DOL Allows Loans To Plans Facing Liquidity Problems
By Steven Brostoff
Insurance companies will be able to provide interest-free loans to pension plans facing short-term liquidity problems under a Labor Department action.
The action, announced on Sept. 26, permits pension plans to receive interest-free loans from “interested parties,” including insurers that provide service to pension plans, with repayment periods of up to 120 days as a way to address liquidity problems stemming from the Sept. 11 attacks.
The action is retroactive to loans beginning on Sept. 11 and will remain in effect until Jan. 9, 2002.
The loan will be permitted if no interest or fee is charged to the plan, and the proceeds are used only for purposes incidental to the ordinary operation of the plan.
In addition, the loan would have to address difficulties in liquidating or accessing assets resulting from the attacks.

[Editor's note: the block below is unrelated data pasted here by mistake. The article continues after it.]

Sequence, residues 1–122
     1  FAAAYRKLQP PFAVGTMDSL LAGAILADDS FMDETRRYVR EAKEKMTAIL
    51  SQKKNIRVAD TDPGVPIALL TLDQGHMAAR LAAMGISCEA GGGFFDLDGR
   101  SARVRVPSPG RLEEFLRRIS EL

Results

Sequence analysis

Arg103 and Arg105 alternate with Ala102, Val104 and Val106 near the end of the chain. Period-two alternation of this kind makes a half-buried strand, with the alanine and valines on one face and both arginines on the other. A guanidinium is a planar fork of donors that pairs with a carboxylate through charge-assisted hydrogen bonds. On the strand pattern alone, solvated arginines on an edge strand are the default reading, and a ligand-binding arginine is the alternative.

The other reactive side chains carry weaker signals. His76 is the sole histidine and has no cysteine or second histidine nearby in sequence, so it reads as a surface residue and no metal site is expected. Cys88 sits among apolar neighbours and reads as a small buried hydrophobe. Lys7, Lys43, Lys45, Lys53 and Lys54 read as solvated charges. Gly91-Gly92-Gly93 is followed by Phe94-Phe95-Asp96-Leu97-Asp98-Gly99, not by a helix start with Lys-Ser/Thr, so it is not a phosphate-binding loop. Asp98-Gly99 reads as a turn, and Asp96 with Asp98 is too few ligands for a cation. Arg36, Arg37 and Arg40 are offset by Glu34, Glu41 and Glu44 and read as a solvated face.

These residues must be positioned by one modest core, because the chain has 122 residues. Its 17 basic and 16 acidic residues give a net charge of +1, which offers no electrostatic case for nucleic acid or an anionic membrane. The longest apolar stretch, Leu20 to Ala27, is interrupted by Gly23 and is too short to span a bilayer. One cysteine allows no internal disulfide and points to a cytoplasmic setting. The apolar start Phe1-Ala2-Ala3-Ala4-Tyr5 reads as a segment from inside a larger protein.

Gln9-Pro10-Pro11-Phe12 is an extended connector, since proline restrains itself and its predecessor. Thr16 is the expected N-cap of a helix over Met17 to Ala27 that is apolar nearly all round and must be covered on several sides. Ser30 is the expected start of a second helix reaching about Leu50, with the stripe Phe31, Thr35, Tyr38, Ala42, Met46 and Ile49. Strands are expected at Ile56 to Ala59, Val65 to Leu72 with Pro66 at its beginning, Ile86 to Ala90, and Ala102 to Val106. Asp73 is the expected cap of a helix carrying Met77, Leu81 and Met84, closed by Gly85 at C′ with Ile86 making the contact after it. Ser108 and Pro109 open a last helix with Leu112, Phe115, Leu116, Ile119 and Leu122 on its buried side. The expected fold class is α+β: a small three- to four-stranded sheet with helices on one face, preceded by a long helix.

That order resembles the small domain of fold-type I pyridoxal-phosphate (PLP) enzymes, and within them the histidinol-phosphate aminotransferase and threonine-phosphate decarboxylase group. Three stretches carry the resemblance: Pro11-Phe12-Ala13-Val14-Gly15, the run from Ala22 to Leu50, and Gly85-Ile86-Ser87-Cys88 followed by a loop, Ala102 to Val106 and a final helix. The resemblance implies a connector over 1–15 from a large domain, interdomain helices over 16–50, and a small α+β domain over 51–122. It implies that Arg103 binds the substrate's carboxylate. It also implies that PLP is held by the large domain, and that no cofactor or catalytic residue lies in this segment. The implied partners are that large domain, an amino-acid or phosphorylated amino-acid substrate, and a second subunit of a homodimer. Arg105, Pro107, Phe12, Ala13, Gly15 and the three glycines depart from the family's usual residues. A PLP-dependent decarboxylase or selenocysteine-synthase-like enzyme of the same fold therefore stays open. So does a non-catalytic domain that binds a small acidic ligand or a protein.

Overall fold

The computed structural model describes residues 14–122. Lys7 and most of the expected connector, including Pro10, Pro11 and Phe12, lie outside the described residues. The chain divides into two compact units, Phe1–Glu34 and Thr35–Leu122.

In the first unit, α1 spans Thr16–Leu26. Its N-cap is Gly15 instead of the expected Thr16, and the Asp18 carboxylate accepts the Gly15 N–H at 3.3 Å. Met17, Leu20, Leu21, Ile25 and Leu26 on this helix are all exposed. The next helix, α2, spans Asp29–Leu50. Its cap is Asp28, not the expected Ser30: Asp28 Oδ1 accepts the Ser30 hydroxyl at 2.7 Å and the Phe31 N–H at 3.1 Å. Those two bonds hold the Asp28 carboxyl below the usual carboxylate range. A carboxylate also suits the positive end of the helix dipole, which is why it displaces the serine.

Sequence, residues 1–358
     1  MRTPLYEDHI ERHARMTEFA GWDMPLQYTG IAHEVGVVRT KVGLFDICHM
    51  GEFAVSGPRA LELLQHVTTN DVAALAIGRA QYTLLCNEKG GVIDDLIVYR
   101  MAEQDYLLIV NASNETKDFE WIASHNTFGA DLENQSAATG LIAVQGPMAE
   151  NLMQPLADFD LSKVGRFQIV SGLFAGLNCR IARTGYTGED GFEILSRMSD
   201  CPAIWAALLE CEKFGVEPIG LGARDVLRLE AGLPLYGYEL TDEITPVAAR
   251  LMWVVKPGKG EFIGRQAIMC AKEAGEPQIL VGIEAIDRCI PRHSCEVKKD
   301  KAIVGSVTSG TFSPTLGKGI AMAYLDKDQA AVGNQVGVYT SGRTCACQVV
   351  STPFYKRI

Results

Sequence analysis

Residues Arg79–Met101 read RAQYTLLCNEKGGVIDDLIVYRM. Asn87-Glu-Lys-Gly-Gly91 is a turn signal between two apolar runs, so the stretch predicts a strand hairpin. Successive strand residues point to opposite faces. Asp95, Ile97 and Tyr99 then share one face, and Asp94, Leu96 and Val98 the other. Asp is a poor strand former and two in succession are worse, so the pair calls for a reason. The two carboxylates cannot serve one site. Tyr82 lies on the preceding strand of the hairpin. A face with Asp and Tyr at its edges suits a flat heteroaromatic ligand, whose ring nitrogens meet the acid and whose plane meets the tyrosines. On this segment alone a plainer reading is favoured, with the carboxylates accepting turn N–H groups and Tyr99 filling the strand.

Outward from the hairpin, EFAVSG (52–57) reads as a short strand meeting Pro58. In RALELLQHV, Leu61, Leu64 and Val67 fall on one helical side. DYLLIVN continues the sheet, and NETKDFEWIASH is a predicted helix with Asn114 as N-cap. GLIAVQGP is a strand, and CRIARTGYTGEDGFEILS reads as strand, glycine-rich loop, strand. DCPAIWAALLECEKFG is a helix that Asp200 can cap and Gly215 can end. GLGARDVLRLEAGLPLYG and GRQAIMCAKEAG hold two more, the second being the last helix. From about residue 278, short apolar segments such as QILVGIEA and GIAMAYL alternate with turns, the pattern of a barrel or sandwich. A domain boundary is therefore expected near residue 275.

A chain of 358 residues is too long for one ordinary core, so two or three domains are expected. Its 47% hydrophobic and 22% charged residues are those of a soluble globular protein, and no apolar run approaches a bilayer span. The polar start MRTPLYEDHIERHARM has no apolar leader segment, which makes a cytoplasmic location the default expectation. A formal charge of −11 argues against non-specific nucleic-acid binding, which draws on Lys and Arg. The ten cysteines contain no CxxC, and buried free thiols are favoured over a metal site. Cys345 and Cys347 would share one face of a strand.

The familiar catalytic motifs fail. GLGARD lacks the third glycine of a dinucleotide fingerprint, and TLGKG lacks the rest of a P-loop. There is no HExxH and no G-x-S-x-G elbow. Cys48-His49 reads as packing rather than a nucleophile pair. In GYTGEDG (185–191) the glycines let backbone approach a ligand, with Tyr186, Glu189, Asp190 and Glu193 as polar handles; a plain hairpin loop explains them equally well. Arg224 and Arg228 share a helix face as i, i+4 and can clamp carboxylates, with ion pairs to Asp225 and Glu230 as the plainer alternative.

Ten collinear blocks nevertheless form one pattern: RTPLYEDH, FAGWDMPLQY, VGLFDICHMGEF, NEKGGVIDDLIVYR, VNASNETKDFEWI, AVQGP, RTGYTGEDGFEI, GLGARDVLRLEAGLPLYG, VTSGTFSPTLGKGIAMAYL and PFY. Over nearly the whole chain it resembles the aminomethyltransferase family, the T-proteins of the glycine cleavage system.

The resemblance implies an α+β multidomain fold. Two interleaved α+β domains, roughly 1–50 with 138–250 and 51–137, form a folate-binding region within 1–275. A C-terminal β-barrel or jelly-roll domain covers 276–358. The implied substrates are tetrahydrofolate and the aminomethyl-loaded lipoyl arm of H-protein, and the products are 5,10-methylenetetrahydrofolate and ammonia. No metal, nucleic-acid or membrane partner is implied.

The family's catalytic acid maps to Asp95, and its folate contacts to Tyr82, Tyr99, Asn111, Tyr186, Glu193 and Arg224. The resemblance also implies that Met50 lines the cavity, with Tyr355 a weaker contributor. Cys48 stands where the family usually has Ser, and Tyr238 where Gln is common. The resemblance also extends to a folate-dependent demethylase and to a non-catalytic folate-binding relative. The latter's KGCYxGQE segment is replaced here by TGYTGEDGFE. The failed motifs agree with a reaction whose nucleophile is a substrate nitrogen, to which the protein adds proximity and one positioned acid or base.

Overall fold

In its notice, the Labor Department said the attacks led to temporary disruptions in the financial and securities markets that may affect pension plans.
“Temporary impairments to communication systems, pricing and valuation operations and marketplace liquidity could interfere with the operation of employee benefit plans,” DOL said.
For example, satisfaction of a plan participants withdrawal instructions may require the plan fiduciary to liquidate portfolio assets during a period of fluctuating market conditions, DOL said.
The proposal, DOL said, would provide plans with added flexibility in satisfying participant withdrawal requests.
The American Council of Life Insurers requested the relief.
Reproduced from National Underwriter Life & Health/Financial Services Edition, October 8, 2001. Copyright 2001 by The National Underwriter Company in the serial publication. All rights reserved.Copyright in this article as an independent work may be held by the author.